HomeReviewReview: “Titanomachy” by Tides Of Kharon
1st April 2021
Review: “Titanomachy” by Tides Of Kharon
In 2017 the independent release of the debut album “Coins Upon Our Eyes” from Tides Of Kharon birthed the Edmonton Canadian quartet into the World of Melodic Death Metal with lyrical inspirations from ancient Greek mythology while citing influences from Amon Amarth, Ensiferum and Children of Bodom. Four years later and the band have taken things one step further with a concept EP in “Titanomachy” that dedicates itself to a decade-long battle; a battle to determine the rulers of the future and to in working towards their vision, the band have done everything in house with guitarist Mike Burton handling the final mix and master at Silent Line Studios after each musician engineered their own parts at separate studios.
Tides Of Kharon maybe a Canadian band but their interpretation of the Melodic Death Metal genre is very much a European one and the heaviest instrument in the bands arsenal is the voice of Garrett Nelson, something which becomes apparent as “Atlas Endures” plays out. An uncompromising vocalist, his forte is the unclean and despite some of the rousing melodies and soaring leads with Power Metal influences he sticks to task, unflinching in the eyes of those who may wish for him to break into a clean passage. The result is something that chills to the bone as Nelson simply tramples the naysayers in to the dust, his clenched fist raised aloft in triumphant rhetoric. In Greek mythology, the “Titanomachy” was a ten-year series of battles fought in Thessaly, as the Titans an older generation of gods, based on Mount Othrys fought against the Olympians, a younger generation who reign on Mount Olympus. The war was fought to decide which generation of gods would have dominion over the universe; it ended in victory for the Olympian Gods. In the eyes of Tides Of Kharon that war plays out in less than five minutes during the title track, an epic adventure that would suit Power Metal very well but instead gives the opportunity to guitarist Mike Burton to explore with some captivating leads played over the top of pulsating rhythmic battery that makes for a refreshing way for these tales to be told. If you can imagine Lamb Of God playing “The Caitiff Choir” by It Dies Today then you might have an inkling as to what Tides Of Kharon have created and the gallop of “Sentinels of Stone” is very much that of the Gothenburg Sound that influenced 2003 era Metalcore with the bludgeoning voice of Nelson being very much God like. “Kronos Descends” references the King of the Titanes and the God of time, considered a destructive and all-devouring force and as Nelson tells the tale surrounded in majesty and shrouded in darkness, the ability to hear his vocal lines becomes important and fortunately that is something we can do as they are just about clean enough for that, though it has to be said that some of those poets that wrote of the ancients may reel in horror about their stories being told in this way. Closing with a swashbuckling dark rampage in “From The Mountain” sees Tides Of Kharon echo the flamboyance of their earlier majestic displays while also throwing in the odd curve ball with drummer Gord Alexander producing some bursts of blast beasts as the band leap between sub-genres with death defying dexterity [7.5/10]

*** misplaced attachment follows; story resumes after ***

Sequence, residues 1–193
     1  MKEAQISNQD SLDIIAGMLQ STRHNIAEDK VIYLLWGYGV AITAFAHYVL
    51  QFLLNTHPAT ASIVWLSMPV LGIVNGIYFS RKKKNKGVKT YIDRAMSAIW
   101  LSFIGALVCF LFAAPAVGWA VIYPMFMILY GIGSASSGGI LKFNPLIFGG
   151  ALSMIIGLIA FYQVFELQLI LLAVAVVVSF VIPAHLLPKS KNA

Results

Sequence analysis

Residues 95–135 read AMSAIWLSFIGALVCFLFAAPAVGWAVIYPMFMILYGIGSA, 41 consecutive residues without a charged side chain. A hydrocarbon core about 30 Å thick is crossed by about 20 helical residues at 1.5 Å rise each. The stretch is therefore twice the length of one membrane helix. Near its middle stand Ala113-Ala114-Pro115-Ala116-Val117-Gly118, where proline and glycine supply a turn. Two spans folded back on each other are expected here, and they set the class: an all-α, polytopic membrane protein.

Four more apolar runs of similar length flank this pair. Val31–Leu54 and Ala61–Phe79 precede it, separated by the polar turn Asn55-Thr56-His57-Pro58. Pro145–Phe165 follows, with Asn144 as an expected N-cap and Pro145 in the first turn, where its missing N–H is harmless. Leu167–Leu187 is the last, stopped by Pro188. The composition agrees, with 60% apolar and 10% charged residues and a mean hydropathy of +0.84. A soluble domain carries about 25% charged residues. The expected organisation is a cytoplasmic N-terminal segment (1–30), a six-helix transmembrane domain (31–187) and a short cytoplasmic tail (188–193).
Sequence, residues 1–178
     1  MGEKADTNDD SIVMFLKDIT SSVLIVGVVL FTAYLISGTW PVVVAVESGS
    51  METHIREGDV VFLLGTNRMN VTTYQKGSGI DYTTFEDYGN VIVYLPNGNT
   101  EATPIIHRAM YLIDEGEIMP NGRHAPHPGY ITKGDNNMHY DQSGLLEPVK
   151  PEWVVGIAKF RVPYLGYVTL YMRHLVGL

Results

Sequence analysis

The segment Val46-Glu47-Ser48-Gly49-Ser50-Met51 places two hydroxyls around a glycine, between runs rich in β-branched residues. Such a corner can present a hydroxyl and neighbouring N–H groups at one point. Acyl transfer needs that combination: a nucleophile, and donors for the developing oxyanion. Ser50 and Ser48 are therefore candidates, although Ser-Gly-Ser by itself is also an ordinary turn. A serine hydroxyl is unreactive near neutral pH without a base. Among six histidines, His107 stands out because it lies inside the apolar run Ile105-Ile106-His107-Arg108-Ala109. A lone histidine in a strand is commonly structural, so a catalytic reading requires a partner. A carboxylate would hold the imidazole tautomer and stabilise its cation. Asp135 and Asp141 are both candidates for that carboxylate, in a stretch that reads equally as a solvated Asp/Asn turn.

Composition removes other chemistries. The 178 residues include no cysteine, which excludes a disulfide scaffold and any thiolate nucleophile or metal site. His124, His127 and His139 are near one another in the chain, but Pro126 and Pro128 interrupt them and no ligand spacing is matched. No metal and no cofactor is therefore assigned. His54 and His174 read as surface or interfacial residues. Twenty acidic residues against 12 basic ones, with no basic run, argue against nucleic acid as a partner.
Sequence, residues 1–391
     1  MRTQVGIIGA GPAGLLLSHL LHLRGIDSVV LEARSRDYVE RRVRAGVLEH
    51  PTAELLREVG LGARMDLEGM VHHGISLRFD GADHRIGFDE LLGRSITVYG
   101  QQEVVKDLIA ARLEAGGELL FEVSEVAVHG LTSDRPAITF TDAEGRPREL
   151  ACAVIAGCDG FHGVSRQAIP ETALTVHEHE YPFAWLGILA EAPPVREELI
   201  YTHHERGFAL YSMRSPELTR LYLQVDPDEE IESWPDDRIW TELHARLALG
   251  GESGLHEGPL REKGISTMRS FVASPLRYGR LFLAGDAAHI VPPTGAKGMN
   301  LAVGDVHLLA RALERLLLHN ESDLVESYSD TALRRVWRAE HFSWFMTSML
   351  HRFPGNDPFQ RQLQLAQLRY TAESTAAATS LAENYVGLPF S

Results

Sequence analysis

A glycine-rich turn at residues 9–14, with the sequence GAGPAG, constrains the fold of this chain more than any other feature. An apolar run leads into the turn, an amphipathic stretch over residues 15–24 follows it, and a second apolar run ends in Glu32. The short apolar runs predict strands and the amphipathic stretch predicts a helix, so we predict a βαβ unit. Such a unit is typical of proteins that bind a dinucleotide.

Sentinels Of Stone
From The Mountain
“Titanomachy” by Tides Of Kharon is out 6th April via Sliptrick Records